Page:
This brings us to optimal carbs, which come from whole food sources. Eating optimal carbs from whole food sources ensures you’ll have the fuel you need for your workouts, as well as steady energy and a healthy metabolism so you can burn off extra fat while supporting a healthy, fit physique.
What are Healthy Carbohydrate Options?
Soaking, sprouting, or fermenting grains is always the best preparation method - it breaks down the protective outer coating of the grain as well as the gluten protein, which allows your body to get their full nutritional benefit without potential irritants.
- Gluten-free grains: Amaranth, buckwheat, millet, montina (Indian rice grass), quinoa, rice (all varieties, but especially wild, long-grain, and brown), sorghum, teff, oats, corn (higher in sugar, but fine on occasion)
- Grains that contain gluten: Wheat, barley, rye, spelt, kamut, triticale (a hybrid grain produced by crossing wheat and rye primarily used as a fodder crop)
From the Blog:
Legumes are actually a great source of both carbs and protein.
- Beans: adzuki beans, black beans, white beans, soybeans, anasazi beans, fava beans, garbanzo beans (chickpeas), kidney beans and lima beans, and more
- Lentils: yellow, orange, green, brown or black
- Peas: split peas and black-eyed peas
These fiber-rich, nutrient dense, leafy greens and colorful vegetables contain multiple health benefits, including vitamins, minerals, phytonutrients, and more. You can eat them in abundance on a daily basis.
- Kale, celeriac, spinach, endive, fennel, radicchio, chard, watercress, romaine, arugula, carrots, brussel sprouts, cucumbers, tomatoes, cabbage, peppers, onions, artichoke, asparagus, broccoli, cauliflower, celery, collards, eggplant, garlic, leeks, radishes
Starchier vegetables will simply fill you up more quickly than the vegetables above, so you won't need as much of them. They are also a nutrient-dense carbohydrate source and provide sustainable energy. As it pertains to blood glucose levels, cooking them changes their starch into sugars that are absorbed by your body faster, raising blood sugar levels faster than they would raw. If you're eating a balanced diet, this won't be a problem ― it's just good to know.
- Sweet potatoes, beets, parsnips, pumpkin, squash, yams
All fruits contain fructose, a simple sugar that your body uses for energy. Fructose is slightly different from glucose and is processed in your liver. Eating too much fructose can cause fat storage, spike your insulin, and have similar effects to eating too much of any sugar.
- Low sugar fruits: Apples, blueberries, blackberries, raspberries, strawberries, cherries, grapefruit, prunes, plums, peaches, pears, oranges, grapes, apricots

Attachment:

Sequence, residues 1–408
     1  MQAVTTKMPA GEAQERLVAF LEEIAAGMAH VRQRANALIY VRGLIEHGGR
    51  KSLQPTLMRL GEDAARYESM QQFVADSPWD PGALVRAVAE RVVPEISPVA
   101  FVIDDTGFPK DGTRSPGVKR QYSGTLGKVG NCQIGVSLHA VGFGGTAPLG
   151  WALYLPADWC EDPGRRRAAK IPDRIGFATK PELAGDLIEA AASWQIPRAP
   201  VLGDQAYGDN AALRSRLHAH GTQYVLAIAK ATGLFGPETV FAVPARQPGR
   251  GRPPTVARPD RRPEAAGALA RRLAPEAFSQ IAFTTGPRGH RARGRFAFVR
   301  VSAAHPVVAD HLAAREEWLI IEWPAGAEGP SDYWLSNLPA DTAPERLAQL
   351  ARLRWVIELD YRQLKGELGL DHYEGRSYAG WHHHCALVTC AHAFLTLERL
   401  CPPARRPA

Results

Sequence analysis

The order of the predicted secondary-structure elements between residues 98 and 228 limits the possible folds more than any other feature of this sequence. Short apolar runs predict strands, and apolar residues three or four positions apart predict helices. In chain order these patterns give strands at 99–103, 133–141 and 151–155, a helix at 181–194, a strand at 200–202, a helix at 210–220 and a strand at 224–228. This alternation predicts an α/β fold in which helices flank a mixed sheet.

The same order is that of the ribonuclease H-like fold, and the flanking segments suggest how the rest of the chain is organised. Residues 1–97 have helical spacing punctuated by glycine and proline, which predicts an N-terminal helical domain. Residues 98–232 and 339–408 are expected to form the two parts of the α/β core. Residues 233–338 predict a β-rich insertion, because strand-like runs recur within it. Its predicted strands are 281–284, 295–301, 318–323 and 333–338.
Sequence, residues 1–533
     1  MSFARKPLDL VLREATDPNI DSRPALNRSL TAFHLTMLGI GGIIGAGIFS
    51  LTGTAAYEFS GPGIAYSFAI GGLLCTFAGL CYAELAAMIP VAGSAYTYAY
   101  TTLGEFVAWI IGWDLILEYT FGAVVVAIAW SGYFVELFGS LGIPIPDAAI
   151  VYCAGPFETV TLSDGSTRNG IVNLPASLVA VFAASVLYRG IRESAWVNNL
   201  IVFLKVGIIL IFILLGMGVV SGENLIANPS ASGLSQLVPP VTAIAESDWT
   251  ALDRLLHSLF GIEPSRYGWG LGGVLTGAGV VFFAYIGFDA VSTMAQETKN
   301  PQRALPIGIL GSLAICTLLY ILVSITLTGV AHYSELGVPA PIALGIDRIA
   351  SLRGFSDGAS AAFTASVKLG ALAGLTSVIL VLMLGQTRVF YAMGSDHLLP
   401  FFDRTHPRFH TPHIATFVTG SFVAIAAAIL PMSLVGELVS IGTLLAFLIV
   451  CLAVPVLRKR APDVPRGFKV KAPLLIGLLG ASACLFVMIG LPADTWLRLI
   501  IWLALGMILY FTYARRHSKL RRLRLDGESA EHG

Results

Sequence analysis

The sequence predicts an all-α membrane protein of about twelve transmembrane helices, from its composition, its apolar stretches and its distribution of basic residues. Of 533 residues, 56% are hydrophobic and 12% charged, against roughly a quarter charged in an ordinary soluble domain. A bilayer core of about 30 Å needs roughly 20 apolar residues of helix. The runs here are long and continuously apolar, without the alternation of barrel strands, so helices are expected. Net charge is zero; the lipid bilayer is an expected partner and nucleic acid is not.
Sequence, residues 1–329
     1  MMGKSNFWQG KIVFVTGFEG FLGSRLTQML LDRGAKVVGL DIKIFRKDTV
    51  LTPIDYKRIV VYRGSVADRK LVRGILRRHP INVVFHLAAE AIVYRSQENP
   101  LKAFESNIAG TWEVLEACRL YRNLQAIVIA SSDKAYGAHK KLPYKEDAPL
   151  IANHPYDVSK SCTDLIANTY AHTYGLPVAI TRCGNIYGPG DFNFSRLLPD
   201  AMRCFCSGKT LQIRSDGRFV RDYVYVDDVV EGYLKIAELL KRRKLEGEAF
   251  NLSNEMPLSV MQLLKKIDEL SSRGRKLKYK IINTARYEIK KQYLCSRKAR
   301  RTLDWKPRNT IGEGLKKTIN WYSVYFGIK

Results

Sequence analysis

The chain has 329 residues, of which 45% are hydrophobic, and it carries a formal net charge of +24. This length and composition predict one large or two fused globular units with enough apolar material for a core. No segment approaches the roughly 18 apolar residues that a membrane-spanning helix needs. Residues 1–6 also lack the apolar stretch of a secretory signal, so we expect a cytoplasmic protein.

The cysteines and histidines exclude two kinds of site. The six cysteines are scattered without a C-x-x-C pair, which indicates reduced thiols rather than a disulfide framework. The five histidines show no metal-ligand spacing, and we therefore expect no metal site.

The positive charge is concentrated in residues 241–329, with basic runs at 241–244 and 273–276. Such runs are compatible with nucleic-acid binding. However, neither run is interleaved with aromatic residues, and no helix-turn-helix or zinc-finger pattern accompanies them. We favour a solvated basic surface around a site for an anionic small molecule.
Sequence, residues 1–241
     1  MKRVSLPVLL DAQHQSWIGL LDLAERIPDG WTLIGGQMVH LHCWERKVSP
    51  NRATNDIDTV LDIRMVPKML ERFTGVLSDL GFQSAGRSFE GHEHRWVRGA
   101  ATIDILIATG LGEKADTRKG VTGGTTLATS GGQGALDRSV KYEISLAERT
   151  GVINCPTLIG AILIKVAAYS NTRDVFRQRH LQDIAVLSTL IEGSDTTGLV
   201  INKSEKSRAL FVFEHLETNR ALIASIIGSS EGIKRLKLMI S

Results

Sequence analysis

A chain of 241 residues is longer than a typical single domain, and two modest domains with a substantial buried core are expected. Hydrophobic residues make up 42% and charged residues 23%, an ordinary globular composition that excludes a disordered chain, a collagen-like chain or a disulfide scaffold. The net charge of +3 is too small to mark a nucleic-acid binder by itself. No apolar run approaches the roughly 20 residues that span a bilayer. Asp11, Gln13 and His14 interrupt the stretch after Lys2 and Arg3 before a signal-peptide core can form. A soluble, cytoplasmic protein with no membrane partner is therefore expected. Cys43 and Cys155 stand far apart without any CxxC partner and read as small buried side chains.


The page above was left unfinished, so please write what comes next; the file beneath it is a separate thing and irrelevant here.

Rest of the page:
- Medium sugar fruits: Bananas (higher in sugar when very ripe), kiwi, mango, figs, raisins, cantaloupe, papaya, pineapple
- High sugar fruits: Dates, watermelon
Alright Rockstar, that’s a lot to take in! Thanks for being here and for reading. I am a big believer in educating ourselves about food and the body as much as possible so we can enjoy life to the fullest, free from fear and worry about how to take care of ourselves.
Leave a comment below and let me know if you have any questions or thoughts - I always look forward to hearing from you!
For more great content on nutrition, read the other articles from this series:
- Protein 101: How Much Protein You Need, How it Benefits You, and How to Get it in
- Incorporating Treats: How to Have a “No Strings Attached” (NSA) Relationship with Junk Food
- How Muscle Works: Sleek, Sculpted and Strong Starts Here
- You're on A Journey: There’s No Such Thing as a Perfect Diet
I'm here to make this easy and simple. Use my healthy eating guide and daily menus with recipes made from whole foods #glutenfree #dairyfree + Vegetarian options:
- Bertoia, Monica L., et al. “Changes in Intake of Fruits and Vegetables and Weight Change in United States Men and Women Followed for Up to 24 Years: Analysis from Three Prospective Cohort Studies.” PLOS Medical. September 22, 2015. Web. http://journals.plos.org/plosmedicine/article?id=10.1371/journal.pmed.1001878
- Dauchet, Luc, et al. “Fruit and Vegetable Consumption and Risk of Coronary Heart Disease: A Meta-Analysis of Cohort Studies.” The Journal of Nutrition. July 17, 2006. Web. http://jn.nutrition.org/content/136/10/2588.short
- L’de Munter, Jeroen S., et al. “Whole Grain, Bran, and Germ Intake and Risk of Type 2 Diabetes: A Prospective Cohort Study and Systematic Review.” PLOS Medical. August 28, 2007. Web. http://journals.plos.org/plosmedicine/article?id=10.1371/journal.pmed.0040261
- Melanson, KJ, et al. “Effects of high-fructose corn syrup and sucrose consumption on circulating glucose, insulin, leptin, and ghrelin and on appetite in normal-weight women.” US National Library of Medicine. February 2007. Web. https://www.ncbi.nlm.nih.gov/pubmed/17234503
- Schik, SM, et al. “Persons successful at long-term weight loss and maintenance continue to consume a low-energy, low-fat diet.” US National Library of Medicine National Institutes of Health. April 1998. Web. https://www.ncbi.nlm.nih.gov/pubmed/9550162?dopt=Abstract
- Wu, H., et al. “Association between dietary whole grain intake and risk of mortality: two large prospective studies in US men and women.” US National Library of Medicine National Institutes of Health. March 2015. Web. https://www.ncbi.nlm.nih.gov/pubmed/25559238